Building a “Noticing Notebook”

noticing notebook


By Scott Wright

Keeping a notebook is the single best way I know to capture and develop the habit of responding to the wonderment and awe of everyday, seeming ordinary, life. It encourages you to pay attention to your world, both your internal world and the external world.

A notebook can work as a safe haven for your infant ideas. A chance to incubate noticings and ideas before they become strong and mature enough to face the light of rational judgment and public scrutiny.

Possible names for notebooks: life books, journals, thinking books, thoughts book, my book, sketchbook, daybook, gratitude book, noticing book.

What is a noticing notebook?

How do thinkers use it? What does it do for thinking? I draw from my own experiences and entries as well as the thoughts and entries of children and colleagues alike.

A notebook helps to develop the skill of recognizing the small moments of life. Being in the moment, observant, and open to continuous learning. You may also consider thinking of it as an investment account. Small, continuous deposits that are diversified. These contributions grow, strengthen, and compliment one another. These life “accounts” can then be used later for extraordinary happenings.

Think of the heart. It pumps continuously bringing nutrients and oxygen to every part of the body. When your blood returns to the heart it is ordinary. It lacks oxygen, vitality. Once it is pumped through the heart and lungs it is rich, vibrant, and of service to our mind and body.

A noticings notebook helps thinkers notice the ordinary. These ordinary moments are captured through our senses, intake valves for our brain. Our brain then works through a series of steps to reframe these ordinary noticings into rich, vibrant, and meaningful thoughts. Simply “mindfulness.”

Notebooks offer us an opportunity to respond with wonder and awe to the connections we make between our external and internal worlds. Our own space for thinking, a place where we can explore our deepest values, a place to remember, a place to react, a place to step off into new venues, a place to be.

In the art world there is a term called “palamento.” When you look closely at a masterful creation from long ago you’ll notice slight cracks in the painting that luminate the under layers of the artist craft and their thinking. A notebook is like that. It is the most important book in one’s life because it is a gift for us.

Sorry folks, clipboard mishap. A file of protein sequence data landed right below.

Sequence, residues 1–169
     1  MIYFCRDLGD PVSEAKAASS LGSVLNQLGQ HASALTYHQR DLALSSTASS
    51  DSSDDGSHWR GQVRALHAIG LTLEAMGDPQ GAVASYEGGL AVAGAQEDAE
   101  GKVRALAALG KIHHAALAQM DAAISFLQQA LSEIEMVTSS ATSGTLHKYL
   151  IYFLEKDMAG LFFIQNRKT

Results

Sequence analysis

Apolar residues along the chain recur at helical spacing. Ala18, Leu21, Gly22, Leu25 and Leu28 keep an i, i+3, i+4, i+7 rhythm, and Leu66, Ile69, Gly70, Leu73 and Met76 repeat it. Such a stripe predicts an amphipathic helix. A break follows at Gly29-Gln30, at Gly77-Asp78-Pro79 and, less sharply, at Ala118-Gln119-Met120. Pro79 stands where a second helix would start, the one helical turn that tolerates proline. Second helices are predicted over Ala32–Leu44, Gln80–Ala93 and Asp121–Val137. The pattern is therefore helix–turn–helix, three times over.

A notebook can help us through the dry periods of thoughtfulness. It is a safe, non-threatening place where “my thoughts are mine.” A place your spirit can be revitalized because of the development of responding with wonderment and awe. The funny thing is that once you start this “noticing” process your ability to do so increases tremendously.

Think of those children that we “grapple” with in the school setting. Motivation, relevance, connecting the known to the new, remaining open to continuous thinking and metacognition are some of the attitudes and dispositions that may result in a lack of motivation for their learning. A notebook may become a gemstone tray for these children’s lives. A place to be alone with their thinking. A place to capture the itches they have, their reactions to lines from a song, the outrage they have for life’s injustices, details, gossip, wonderuous words and lines, dreams, dilemmas, perceptions, memories, and receiving the physical world. A place to shift and sort through the vast murkiness of their lives leaving gemstones of what matters to be left for their viewing.

My hope is that you will start a notebook of your own, for your own thinking. By trying on the notebook you’ll undoubtedly develop your own style, formula, format and recipes for your own thinking. By walking in the shoes of mindfulness each day you’ll enter into a form of “action research” of using a “noticing” notebook. This will help you to facilitate your students’ entry into an endeavor that will raise their consciousness on how the notebook may help them to enhance and enrich their thinking by developing the habit of Responding with Wonderment and Awe.

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